Saturday, 20 August 2016

Digital Latin Library

Digital Latin Library - project and website

"The Digital Latin Library (DLL) is a joint project of the Society for Classical Studies, the Medieval Academy of America, and the Renaissance Society of America. The Andrew W. Mellon Foundation's Scholarly Communications Program funds the project, and the University of Oklahoma hosts it.

We use the word "library" to describe our project because that word's many meanings apply to what we're building: a library of texts and resources, a place where individuals and groups can study and collaborate on projects, a series of volumes published according to a uniform standard, and resources for digital applications."

Timeline (


In January, the OU DLL team submitted a proposal to the AWMF for a two-year implementation grant to build and implement the Digital Latin Library (DLL).

By the middle of 2017, we will deliver a collection of resources collectively known as the Digital Latin Library (
  • a specialized, standards-based library catalog of Latin texts and related resources, including authority files for authors, works, and manuscripts
  • a digital archive of scholarly materials related to critical editions
  • three pilot critical editions for the LDLT
  • a desktop application for advanced visualization and analysis of Latin texts
  • web-based applications for reading, annotating, creating, and sharing texts and commentaries
  • documentation for the continued maintenance of these resources after the funding period has ended.

Thursday, 28 January 2016

A Year of Digital Adventure: building our digital estate

For Wales, 2016 is the Year of Adventure. In this fledgling digital world of ours though, every year is full of digital adventures, where new technologies, services, apps, ideas and people come to the fore.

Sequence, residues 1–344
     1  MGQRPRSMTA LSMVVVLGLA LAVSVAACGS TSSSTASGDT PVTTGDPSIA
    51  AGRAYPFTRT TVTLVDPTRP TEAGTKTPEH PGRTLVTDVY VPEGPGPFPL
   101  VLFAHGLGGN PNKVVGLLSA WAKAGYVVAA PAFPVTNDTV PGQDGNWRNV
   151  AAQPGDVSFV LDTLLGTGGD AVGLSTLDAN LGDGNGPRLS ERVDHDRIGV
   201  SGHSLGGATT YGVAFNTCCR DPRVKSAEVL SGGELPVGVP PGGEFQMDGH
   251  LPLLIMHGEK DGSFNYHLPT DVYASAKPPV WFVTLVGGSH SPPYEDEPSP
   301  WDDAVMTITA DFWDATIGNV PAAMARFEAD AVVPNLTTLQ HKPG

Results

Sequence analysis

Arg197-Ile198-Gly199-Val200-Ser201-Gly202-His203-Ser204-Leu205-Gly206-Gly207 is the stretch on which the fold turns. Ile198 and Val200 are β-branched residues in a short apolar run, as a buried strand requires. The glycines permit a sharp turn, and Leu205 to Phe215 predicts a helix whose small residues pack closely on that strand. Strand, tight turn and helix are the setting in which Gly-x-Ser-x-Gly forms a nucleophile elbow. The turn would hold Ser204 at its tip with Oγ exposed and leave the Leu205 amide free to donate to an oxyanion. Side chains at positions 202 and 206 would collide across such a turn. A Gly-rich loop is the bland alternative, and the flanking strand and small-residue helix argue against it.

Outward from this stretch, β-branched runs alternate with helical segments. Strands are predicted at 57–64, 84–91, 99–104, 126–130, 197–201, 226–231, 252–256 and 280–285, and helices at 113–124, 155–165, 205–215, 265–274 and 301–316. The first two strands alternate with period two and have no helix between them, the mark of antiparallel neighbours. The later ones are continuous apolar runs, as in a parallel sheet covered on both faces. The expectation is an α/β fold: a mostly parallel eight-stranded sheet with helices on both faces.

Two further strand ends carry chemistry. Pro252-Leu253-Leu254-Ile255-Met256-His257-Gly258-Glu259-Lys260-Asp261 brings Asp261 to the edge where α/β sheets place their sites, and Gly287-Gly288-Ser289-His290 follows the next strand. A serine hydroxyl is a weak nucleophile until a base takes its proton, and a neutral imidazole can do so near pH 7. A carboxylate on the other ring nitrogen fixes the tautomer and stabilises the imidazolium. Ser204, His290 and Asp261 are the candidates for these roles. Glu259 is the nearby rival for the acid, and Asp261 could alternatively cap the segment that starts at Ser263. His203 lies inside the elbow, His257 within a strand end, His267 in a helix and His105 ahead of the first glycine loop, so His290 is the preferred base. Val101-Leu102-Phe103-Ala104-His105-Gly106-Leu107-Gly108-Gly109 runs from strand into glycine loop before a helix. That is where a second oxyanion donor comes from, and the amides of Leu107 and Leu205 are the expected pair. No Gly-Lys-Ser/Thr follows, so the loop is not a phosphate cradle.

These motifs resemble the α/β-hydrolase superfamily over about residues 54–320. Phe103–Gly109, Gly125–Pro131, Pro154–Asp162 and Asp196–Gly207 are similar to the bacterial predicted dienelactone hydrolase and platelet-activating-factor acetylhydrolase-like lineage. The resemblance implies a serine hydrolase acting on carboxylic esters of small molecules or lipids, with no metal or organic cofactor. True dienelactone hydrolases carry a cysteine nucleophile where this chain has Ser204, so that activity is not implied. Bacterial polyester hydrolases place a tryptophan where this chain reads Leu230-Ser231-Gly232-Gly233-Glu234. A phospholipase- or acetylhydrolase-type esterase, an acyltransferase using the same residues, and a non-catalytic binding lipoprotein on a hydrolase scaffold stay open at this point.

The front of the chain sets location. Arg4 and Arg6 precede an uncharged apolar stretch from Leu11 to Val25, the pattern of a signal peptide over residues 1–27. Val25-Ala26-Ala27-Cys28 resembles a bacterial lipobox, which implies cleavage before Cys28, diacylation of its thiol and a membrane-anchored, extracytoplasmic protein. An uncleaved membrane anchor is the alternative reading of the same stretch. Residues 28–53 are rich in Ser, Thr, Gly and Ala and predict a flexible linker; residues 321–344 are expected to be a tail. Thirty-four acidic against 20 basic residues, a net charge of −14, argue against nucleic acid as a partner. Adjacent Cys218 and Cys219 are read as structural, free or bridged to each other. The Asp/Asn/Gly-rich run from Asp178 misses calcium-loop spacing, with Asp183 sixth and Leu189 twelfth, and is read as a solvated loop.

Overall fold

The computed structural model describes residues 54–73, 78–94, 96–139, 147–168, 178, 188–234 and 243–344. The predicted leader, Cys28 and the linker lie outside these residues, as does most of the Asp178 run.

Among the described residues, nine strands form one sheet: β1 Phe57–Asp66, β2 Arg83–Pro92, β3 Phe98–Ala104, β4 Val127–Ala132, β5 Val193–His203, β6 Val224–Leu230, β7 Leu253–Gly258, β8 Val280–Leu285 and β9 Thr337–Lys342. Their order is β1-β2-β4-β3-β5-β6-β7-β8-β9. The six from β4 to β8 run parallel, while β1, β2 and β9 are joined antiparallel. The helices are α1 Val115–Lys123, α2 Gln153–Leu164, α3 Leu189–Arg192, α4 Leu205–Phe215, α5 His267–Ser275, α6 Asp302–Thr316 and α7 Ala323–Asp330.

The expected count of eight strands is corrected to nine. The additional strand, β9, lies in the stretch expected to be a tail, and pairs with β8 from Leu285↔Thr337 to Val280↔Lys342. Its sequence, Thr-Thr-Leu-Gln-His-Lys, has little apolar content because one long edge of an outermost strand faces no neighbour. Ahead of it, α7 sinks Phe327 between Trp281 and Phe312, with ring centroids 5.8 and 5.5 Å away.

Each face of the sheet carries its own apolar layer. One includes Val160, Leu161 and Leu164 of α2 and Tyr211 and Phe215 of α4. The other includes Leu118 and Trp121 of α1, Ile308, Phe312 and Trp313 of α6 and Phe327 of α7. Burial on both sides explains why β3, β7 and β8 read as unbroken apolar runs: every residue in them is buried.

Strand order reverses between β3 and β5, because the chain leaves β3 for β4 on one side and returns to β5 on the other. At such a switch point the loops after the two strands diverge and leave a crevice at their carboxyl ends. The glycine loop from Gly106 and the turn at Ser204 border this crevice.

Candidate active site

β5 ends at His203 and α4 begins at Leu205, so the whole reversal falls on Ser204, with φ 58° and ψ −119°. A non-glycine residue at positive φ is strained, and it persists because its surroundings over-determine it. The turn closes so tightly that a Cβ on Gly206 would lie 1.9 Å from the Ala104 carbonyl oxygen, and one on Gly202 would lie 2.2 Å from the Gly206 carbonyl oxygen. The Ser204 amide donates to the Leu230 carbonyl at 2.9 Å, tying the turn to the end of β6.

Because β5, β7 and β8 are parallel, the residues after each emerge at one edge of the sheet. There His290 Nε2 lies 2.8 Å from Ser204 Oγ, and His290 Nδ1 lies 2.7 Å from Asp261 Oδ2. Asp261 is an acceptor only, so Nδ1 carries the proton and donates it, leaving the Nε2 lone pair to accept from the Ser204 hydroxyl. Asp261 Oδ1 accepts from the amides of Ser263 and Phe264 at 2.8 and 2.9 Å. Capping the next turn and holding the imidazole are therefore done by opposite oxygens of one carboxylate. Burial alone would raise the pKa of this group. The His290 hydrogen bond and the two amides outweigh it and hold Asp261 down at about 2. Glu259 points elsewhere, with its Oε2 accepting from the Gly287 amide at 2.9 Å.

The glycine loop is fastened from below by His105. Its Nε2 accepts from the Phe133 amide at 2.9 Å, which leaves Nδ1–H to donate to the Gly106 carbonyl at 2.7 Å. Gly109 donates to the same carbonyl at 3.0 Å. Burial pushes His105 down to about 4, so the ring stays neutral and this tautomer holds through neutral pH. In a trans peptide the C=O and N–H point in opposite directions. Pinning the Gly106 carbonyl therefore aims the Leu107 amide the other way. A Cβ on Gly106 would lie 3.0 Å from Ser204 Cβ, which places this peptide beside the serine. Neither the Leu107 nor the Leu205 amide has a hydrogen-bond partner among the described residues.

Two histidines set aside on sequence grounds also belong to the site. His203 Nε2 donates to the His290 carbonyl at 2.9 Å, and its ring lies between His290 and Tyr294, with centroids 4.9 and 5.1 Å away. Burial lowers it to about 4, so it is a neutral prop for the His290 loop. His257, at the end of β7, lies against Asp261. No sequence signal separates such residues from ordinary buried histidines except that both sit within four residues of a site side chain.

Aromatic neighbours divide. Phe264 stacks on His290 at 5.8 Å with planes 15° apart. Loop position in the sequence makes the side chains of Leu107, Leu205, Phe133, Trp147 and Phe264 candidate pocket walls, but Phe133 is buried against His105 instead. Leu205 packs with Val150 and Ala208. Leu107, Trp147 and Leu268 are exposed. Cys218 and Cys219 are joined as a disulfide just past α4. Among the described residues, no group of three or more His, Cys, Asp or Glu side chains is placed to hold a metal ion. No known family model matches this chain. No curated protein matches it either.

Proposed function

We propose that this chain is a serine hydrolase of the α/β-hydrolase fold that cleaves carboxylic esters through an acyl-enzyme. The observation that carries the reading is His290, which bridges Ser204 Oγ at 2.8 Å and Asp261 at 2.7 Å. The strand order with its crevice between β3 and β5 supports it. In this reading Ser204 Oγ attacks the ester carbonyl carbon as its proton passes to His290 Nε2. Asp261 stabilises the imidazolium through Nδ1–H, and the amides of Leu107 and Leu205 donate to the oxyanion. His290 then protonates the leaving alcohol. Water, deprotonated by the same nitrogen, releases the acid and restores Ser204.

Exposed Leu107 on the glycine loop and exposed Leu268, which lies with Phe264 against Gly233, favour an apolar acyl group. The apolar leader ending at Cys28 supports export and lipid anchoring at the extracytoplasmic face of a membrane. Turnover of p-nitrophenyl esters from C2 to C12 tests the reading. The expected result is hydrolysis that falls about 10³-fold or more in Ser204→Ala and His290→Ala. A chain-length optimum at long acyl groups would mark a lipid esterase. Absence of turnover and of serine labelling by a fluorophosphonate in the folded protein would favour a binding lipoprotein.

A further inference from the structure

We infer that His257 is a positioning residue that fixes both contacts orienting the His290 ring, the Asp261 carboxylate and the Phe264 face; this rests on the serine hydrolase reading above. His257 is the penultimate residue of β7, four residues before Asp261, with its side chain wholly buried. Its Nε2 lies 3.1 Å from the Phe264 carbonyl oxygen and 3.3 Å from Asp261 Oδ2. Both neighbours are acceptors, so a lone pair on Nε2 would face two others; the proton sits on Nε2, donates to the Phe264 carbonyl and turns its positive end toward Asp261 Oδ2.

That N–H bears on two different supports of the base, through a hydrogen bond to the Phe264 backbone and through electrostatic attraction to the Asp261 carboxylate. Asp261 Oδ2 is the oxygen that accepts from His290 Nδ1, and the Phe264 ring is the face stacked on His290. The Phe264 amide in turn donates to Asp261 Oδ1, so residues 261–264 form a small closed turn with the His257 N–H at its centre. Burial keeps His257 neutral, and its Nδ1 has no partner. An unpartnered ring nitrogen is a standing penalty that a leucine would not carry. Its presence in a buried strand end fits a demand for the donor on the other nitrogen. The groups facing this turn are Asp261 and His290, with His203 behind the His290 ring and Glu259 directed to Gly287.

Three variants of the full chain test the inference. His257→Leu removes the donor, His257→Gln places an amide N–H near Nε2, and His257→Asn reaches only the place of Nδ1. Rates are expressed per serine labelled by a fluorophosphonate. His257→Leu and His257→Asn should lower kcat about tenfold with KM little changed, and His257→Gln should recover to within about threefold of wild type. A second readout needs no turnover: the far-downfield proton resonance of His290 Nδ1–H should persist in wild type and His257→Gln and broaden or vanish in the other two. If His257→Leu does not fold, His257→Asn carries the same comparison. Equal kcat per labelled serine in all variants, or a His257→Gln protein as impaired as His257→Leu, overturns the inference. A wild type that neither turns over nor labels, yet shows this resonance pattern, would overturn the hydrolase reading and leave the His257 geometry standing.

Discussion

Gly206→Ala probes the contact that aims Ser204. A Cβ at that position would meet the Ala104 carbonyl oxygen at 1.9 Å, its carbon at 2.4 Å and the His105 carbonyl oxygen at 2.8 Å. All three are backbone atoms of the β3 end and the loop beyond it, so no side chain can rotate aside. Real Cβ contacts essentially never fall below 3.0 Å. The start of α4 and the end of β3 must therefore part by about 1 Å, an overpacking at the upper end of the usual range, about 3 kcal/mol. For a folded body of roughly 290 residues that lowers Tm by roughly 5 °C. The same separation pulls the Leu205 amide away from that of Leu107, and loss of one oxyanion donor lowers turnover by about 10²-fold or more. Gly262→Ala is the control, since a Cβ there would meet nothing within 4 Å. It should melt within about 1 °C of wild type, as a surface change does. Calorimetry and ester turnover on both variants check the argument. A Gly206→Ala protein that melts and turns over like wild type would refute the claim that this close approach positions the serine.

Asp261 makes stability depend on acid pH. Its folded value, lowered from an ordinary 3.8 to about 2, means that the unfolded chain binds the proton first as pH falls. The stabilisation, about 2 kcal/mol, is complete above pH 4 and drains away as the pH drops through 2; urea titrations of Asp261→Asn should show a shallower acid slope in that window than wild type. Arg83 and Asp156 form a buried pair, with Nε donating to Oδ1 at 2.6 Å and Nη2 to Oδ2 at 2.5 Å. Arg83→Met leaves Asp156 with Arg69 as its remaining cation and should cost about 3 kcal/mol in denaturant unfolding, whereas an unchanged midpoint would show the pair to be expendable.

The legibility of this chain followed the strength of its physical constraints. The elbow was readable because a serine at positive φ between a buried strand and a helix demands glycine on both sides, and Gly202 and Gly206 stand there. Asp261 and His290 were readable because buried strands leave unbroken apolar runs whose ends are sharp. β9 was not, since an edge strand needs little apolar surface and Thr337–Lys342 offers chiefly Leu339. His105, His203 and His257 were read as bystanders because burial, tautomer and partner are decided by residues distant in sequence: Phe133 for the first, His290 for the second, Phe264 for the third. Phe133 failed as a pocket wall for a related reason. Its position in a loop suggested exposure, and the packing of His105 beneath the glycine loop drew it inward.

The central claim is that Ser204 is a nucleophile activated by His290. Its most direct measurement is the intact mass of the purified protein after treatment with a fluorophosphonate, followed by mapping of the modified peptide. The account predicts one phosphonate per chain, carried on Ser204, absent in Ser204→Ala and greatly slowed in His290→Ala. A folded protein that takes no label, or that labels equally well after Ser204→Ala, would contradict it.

The prologue to the digital adventure is about the idea that there will be a time after technological development to having an impact, to change the world; a time when Nanotechnology Meets Local History, a time when a global brand can be created through social media, and a time where technology is easy to choose, use, deploy and benefit from.

Some of these things are here and now. Some of these things take more time and more effort than most of us would like. Deciding what commercial technology to use in an ever changing market, and for ever changing users, is very hard. With open source, free, software, the time and resources required to deploy can still be a challenge - and even making a simple choice, which particular piece of software to use, can be a minefield.

Our digital estate is a key aspect of everything that will come next. An organisation or an individual's digital estate is their digital world and it is no less important than physical buildings and architecture or, in a personal sense, the fashions we choose to wear.

The digital estate can and does apply to cultures and countries - and what a fantastic challenge and opportunity it is to build on, and maybe beyond, Andrew Green's and the National Library of Wales' Theatre of Memory and create a truly Digital Wales.

Recently, two fantastic events at Swansea University brought some of this home. Last week the CHERISH-DE launch talked about how the project will develop innovative approaches to digital economy themes relating to humans, society and industry. The range of academics, from Swansea, Newcastle, Bath and others, and the commercial partners including local and global names, was broad and uplifting.

An Adventure in Big Data
Today, at the Swansea University School of Management, Tourism professionals, data scientists and others met to discuss An Adventure in Big Data. This event covered areas such as big data, smarter cities, tourism, and what can happen when viral marketing turns political, turns around, and bites you. With visitors from Spain, Flanders, Denmark, the US and more, this was one of those meetings that had a distinct digital buzz about it. If Swansea University's School of Management can make discussions like this happen across the public and private sectors, then it might just hit on a winning formula.

As a number of the talks at both these events highlighted - the digital world is already here, ignore it at your peril.